Posts Tagged "Tech consulting"

Forecasting Beyond the Clouds: How GovCons Can Plan for a Bright Future by Tracking the Right Metrics

Posted on Apr 30, 2024

Forecasting Beyond the Clouds: How GovCons Can Plan for a Bright Future by Tracking the Right Metrics

Small and medium businesses (SMBs), defined as those with under $25 million in annual revenue, are the economic backbone on which our nation depends. Every state in the union and members of every community have a vested interest in and depend on the success of small and medium businesses. To plan for success, businesses utilize forecasting. Forecasting employs past data to make educated predictions about future trends. Companies use this method to decide on budget allocation or prepare for expected costs in upcoming periods, usually influenced by the anticipated demand for their products and services.

How important is forecasting for SMBs to our nation’s overall economic health and security? Very. This is emphasized further when the focus is narrowed to GovCon SMBs. Their success- or failure- is shared and felt among our nation’s citizens. 

“Above all, the forecaster’s task is to map uncertainty, for in a world where our actions in the present influence the future, uncertainty is opportunity.” Paul Saffo 

Events over the last several years have allowed ample opportunity for business managers and executives to navigate uncertainty. Indeed, even the concept of certainty seems quaint among GovCons when the US has lost 30% of its defense industrial base (DIB) over the last 10 years, as shared by Isabella Guzman, administrator for the U.S. Small Business Administration (SBA). Forecasting for non-GovCons may include Sales Revenue, Cost of Goods Sold (COGS), Gross Margin, Operating Expenses, Interest and Tax Expenses, Capital Expenditures, Inventory Levels, Accounts Receivable and Payable, Cash Flow, Market Trends and Economic Conditions, Workforce Needs, New Projects and Investments, Break-even and Risk Analysis.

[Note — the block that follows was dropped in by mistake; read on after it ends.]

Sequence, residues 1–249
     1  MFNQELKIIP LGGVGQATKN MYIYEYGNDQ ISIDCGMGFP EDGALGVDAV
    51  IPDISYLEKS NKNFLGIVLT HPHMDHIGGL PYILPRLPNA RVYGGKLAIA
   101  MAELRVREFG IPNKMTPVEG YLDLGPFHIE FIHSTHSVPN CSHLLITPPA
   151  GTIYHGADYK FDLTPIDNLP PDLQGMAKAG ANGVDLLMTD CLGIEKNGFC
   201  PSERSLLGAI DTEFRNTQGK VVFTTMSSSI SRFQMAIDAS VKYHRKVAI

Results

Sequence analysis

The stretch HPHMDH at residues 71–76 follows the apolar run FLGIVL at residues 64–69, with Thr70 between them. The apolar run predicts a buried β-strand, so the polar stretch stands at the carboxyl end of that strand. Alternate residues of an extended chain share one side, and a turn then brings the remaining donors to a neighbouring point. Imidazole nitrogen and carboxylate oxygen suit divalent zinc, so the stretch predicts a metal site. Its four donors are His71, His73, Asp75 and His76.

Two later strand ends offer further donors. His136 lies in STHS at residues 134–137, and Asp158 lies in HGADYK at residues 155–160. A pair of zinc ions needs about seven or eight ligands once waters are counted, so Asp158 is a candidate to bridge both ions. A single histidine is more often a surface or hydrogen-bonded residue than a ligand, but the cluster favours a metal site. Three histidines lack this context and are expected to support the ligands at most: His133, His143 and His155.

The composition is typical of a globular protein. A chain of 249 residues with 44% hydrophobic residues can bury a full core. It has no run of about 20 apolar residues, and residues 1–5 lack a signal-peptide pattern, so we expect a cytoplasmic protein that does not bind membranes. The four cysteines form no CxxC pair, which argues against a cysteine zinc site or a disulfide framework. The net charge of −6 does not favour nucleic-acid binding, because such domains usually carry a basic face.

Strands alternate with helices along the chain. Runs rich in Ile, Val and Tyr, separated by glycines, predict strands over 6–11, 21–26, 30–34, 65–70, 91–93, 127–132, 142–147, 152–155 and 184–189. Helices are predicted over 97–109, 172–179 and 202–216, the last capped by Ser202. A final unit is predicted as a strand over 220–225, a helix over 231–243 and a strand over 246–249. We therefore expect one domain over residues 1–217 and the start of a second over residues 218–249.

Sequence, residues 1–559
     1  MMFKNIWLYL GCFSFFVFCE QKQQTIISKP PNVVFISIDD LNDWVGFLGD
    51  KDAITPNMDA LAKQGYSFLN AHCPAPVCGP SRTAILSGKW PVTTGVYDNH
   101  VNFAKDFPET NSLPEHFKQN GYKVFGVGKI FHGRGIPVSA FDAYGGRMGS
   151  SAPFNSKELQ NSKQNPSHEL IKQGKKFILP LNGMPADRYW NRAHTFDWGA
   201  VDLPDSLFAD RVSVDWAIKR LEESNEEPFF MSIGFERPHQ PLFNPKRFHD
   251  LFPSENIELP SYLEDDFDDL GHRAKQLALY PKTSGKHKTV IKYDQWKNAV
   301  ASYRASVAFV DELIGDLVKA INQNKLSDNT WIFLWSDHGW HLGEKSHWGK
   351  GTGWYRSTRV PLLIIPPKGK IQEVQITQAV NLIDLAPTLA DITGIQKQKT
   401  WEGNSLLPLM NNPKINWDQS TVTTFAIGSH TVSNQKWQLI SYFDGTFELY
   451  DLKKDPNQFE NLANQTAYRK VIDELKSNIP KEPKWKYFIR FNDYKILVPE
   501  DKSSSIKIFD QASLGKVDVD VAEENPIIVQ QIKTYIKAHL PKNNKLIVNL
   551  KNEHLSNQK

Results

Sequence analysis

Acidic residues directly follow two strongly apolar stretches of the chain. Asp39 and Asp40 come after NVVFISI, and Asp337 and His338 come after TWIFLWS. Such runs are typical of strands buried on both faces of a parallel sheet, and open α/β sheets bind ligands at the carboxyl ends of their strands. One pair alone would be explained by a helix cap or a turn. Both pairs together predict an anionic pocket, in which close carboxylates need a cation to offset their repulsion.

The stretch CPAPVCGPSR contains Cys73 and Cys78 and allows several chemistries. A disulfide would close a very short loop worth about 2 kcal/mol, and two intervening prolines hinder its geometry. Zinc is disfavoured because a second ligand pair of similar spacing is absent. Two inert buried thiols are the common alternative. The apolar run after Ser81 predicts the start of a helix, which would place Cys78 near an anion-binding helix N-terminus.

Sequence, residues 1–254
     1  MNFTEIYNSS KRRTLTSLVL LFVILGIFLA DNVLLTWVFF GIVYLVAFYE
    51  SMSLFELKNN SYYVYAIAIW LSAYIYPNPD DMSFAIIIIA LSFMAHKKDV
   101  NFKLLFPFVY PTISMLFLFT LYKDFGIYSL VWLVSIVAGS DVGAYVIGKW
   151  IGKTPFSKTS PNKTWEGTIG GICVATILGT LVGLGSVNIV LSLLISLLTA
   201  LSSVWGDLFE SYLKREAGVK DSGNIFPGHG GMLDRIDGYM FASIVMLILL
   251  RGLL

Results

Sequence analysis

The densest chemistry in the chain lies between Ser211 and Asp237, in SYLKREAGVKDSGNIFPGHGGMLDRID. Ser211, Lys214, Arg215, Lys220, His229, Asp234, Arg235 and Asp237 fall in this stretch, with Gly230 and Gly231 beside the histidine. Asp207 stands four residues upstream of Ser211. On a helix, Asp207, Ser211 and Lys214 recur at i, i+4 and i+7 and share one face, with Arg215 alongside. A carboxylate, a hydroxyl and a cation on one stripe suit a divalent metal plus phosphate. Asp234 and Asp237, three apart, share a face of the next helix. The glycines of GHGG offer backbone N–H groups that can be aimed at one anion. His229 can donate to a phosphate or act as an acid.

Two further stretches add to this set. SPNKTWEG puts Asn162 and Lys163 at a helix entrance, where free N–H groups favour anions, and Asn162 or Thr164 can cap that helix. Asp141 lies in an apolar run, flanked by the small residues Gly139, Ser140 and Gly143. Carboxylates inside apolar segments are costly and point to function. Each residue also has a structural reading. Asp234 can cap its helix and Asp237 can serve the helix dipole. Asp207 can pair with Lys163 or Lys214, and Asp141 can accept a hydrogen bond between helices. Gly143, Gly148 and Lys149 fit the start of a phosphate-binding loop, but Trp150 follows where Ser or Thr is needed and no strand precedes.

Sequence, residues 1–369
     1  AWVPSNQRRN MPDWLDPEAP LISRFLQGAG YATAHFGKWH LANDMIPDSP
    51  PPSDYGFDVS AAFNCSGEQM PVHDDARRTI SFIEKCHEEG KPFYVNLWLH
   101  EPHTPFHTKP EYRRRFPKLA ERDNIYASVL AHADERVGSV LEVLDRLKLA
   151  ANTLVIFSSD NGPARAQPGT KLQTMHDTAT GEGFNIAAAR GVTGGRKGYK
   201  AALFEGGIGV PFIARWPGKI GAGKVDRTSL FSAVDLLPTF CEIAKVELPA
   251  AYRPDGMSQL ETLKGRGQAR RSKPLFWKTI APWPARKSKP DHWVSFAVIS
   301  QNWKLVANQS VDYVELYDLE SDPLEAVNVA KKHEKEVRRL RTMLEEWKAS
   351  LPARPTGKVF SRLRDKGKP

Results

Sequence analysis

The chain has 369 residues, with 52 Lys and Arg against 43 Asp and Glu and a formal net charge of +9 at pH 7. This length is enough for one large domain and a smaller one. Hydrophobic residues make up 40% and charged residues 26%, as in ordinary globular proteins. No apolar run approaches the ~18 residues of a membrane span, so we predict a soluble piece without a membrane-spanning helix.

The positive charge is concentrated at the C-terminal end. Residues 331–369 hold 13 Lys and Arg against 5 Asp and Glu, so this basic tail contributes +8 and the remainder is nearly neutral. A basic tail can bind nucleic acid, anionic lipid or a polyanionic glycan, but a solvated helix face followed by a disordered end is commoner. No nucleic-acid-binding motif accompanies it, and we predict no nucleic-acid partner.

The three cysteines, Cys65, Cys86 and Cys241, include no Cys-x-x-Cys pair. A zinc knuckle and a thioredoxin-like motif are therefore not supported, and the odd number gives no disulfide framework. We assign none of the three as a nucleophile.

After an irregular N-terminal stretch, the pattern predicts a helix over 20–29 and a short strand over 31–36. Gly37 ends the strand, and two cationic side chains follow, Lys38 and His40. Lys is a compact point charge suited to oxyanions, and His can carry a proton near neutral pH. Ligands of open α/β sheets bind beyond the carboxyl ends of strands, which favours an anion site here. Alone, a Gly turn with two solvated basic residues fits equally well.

There are abundant challenges for GovCons to consider when forecasting in addition to the lengthy list above that are unique to them due to specific operational, regulatory, and financial environments:

Regulatory Compliance and Changes: GovCons must anticipate and plan for changes in government regulations, which can affect everything from contract bidding to execution. 

Budget Cycles and Funding Fluctuations: Government budgets are subject to political processes and fiscal cycles, leading to fluctuations in funding availability. They must have an understanding of the government’s budgeting process, the timing of appropriations and the (frustrating) potential for shutdowns.

Contract Types and Payment Schedules: GovCons deal with a variety of contract types (e.g., fixed-price, cost-reimbursement, time-and-materials) each with its own financial and performance risks. Forecasting must account for the specifics of these contracts, including payment schedules, performance milestones, and risk of adjustments.

Bid and Proposal Efforts: Forecasting in GovCons must include the costs and timelines associated with preparing bids and proposals, as well as the probability of winning contracts. 

Long-term Contracts and Lifecycle Management: Many government contracts are for long-term projects that can span several years. Forecasting needs to account for the lifecycle management of these contracts, including potential modifications, maintenance, and operational support.

Security Clearances and Classified Work: Projects requiring security clearances or involving classified information add layers of complexity to forecasting. This includes considerations for personnel clearances, secure facilities, and IT infrastructure.